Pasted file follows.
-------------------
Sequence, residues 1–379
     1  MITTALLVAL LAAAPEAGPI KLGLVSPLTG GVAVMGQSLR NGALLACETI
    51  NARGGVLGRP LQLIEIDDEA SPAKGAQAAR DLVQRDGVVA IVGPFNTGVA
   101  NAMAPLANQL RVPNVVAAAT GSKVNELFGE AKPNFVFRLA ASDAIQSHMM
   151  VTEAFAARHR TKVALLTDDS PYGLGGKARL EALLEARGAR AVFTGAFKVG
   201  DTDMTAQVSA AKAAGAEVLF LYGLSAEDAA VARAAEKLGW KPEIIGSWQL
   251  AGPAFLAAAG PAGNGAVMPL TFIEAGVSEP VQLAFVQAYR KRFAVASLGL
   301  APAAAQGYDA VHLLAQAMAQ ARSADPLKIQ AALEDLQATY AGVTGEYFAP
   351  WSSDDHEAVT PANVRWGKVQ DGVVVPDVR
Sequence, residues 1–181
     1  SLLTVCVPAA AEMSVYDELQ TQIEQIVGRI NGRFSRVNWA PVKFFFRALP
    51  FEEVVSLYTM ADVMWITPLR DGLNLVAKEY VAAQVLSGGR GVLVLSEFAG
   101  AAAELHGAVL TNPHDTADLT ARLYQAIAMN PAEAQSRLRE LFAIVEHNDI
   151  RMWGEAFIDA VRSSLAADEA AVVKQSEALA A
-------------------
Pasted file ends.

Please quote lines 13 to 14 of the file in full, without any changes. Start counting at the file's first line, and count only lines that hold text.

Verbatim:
   101  AAAELHGAVL TNPHDTADLT ARLYQAIAMN PAEAQSRLRE LFAIVEHNDI
   151  RMWGEAFIDA VRSSLAADEA AVVKQSEALA A